Puppy vaccinations

Important shots your puppy needs to get

Regular vaccinations help prevent highly contagious serious diseases that can cause fatalities among puppies and adult dogs. It is crucial all dogs be vaccinated for when they are exposed to other animals, dogs or public areas. Most puppy training or boarding facilities will also not accept unvaccinated puppies for training. Puppies should be vaccinated per schedule for basic immunity with boosters at regular intervals thereafter as recommended by your vet. We can help you plan your vaccination regime at your annual health and wellness assessment. Common animal health issues can be easily prevented with regular vaccination.

As part of the vaccination visit a full health examination and assessment is performed, and we will discuss with you the best vaccination regime for your pet. Here are some of the core shots they should be receiving:

C3 Vaccination

Canine Parvovirus

Also known as “Parvo,” this deadly disease can cause severe damage to your puppy’s intestines, bone marrow, lymph nodes and in some cases, the heart. It is a highly contagious and often fatal disease, affecting dogs of all ages but pups 6 to 20 weeks old are most susceptible. Rottweilers and Dobermans are known to be more susceptible than most other breeds. It is recommended that your puppy be vaccinated for Parvo starting at 6 to 7 weeks of age and complete the 3 step vaccination by 16 to 17 weeks of age.

Distemper

This is another contagious and serious disease. Distemper can affect your puppy’s lymph nodes and tonsils for about a week and if untreated can attack the gastrointestinal, urogenital and nervous system. Puppies with weak immune systems could pass away after two to five weeks of infection, even with treatment. It is also recommended that your puppy be vaccinated against distemper starting at 6 to 7 weeks of age as part of the 3 vaccination regime for initial protection.

Cats can also become infected with distemper (i.e., feline distemper or panleukopenia), and much like dog vaccinations, this viral disease vaccination is also included in the core cat vaccinations. Other core feline vaccinations are: rhinotracheitis and feline calicivirus.

Infectious Canine Hepatitis (ICH)

This is a highly contagious, infectious disease caused by the canine adenovirus. Puppies that are infected can show symptoms such as fever, vomiting, diarrhoea and jaundice, which, if untreated, can be fatal. Older dogs may have a milder form of the disease but can develop complications related to the eyes (blue eye) a couple of weeks after the infection. It is recommended that your puppy is vaccinated for ICH from 6 to 7 weeks of age and complete the 3 step vaccination program.

Kennel Cough

Infectious canine tracheobronchitis, commonly known as “kennel cough”, while not as serious or life threatening as the other three diseases does cause a nasty cough which is highly contagious due to it being airborne. This disease can be caused by canine parainfluenza virus and Bordetella bronchiseptica. Whilst dogs most at risk are those coming into contact with other dogs (e.g. dogs going to shows or dogs being boarded) it is important to note that any social pooch may be exposed. Most kennels now require a kennel cough vaccine before your dog can be boarded.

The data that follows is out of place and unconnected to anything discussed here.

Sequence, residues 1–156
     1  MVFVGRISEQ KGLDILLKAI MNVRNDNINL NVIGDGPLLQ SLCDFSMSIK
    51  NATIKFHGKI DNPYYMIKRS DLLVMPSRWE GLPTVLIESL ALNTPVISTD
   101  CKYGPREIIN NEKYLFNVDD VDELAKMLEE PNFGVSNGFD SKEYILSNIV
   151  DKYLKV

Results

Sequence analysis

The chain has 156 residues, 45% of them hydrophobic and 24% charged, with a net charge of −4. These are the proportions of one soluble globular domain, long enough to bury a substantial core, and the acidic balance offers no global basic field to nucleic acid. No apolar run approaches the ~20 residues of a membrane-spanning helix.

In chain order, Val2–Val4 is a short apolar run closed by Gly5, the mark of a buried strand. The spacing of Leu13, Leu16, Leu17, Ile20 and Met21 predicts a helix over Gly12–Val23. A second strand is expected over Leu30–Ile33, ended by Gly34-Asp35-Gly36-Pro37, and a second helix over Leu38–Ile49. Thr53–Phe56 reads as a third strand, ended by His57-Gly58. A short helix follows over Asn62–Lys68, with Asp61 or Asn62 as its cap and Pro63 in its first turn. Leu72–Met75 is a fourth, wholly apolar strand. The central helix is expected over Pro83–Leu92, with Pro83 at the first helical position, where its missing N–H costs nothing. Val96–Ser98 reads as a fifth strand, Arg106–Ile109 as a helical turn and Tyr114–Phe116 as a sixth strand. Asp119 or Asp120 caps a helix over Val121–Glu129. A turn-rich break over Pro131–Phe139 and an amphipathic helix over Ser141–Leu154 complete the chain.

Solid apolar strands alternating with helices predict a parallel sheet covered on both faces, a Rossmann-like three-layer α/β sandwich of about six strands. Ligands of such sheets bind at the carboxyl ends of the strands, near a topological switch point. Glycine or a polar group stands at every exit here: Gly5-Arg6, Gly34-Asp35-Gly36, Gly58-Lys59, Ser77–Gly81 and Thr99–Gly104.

Our recommended vaccination protocol for puppies is:

  • 1st vaccination at 6-8 weeks- parvovirus/distemper/hepatitis
  • 2nd vaccination at 10-12 weeks- parvovirus/distemper/hepatitis/parainfluenza/B.Bronchiseptica
  • 3rd vaccination at 14-16 weeks- parvovirus/distemper/hepatitis

It is important to note that your puppy will not be fully protected against these diseases until 2 weeks after the final vaccination. Ensure you discuss the annual booster vaccinations required for your puppy after completion of the initial round of vaccines.

Puppy Worming

Intestinal worms can make your puppy very sick, but can also be easily prevented and controlled. Dogs are known to contract infestations of roundworm, whipworm, hookworm and tapeworm. These can all lead to illness and unhappiness for your pet. These parasites can be controlled with regular treatment using recommended deworming medications.

It’s worth knowing that:

  • Pups can be infected with round and hook worm larva whilst in the mother’s womb or via the milk.
  • Hookworms can kill young pups by blood loss.
  • Roundworms can cause vomiting, coughing, blockages in the intestines and a potbelly.
  • Whipworms can cause severe abdominal pain, fever and diarrhoea.
  • Flea tapeworms are carried by fleas and cause an itchy bottom, while in the country areas of Australia Hydatid tapeworm is a threat to human health.
  • Puppies should also receive regular preventative medication against the very serious and potentially fatal heartworm which can be contracted from mosquitoes and other pets.

In you and your children

  • Hookworm larvae can cause skin irritation.

  • Roundworm larva can (rarely) infect children and migrate to the eye, brain or other organs.
  • HYDATID (not flea) tapeworms are a great danger to humans causing cysts throughout the body.

THE BEST WORMING SCHEDULE IS:

Age Worming frequency
2-12 weeks every 2 weeks
3-6 months every month
After 6 months every 3 months

Boarding Kennels

Runs are equipped with trampoline beds, blankets and are tended to twice a day, 7 days a week. We feed Royal Canin premium food.

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